Sokol's resignation clouds Berkshire's succession plan, while his Lubrizol trades tarnish to some extent the firm's legacy of strong ethical behavior.
In a surprising announcement, Berkshire Hathaway BRK.A BRK.B said Wednesday that David Sokol, chairman of MidAmerican Energy, chairman and CEO of NetJets, and the presumed heir apparent to Warren Buffett's CEO position, has resigned. Considering the concern for some time about the longevity of Buffett and managing partner Charlie Munger, both octogenarians, as well as the lack of full disclosure about Berkshire's succession planning, Sokol's resignation creates even more uncertainty for the firm.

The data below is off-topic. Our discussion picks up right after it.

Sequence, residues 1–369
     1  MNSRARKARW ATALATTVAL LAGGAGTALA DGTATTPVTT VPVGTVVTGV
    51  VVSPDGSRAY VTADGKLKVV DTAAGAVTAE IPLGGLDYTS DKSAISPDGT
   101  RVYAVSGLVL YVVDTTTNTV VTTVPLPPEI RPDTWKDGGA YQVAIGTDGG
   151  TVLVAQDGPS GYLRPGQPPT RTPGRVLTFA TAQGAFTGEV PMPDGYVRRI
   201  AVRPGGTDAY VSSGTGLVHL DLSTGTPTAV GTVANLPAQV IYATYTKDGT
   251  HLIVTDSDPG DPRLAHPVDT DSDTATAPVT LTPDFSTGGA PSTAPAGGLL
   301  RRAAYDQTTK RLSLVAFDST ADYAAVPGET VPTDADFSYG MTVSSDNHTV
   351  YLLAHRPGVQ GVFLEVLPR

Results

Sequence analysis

If that weren't enough, Buffett's disclosure that Sokol had purchased upward of $10 million worth of Lubrizol LZ common stock before pitching an acquisition of the firm to Buffett raises serious questions about Berkshire's internal controls and tarnishes to some extent the firm's legacy of strong ethical behavior.
It wasn't even nine months ago that Buffett was calling on his managers to "zealously guard Berkshire's reputation." In his biennial letter to Berkshire's managers, Buffett said, "We can afford to lose money--even a lot of money. But we can't afford to lose reputation--even a shred of reputation."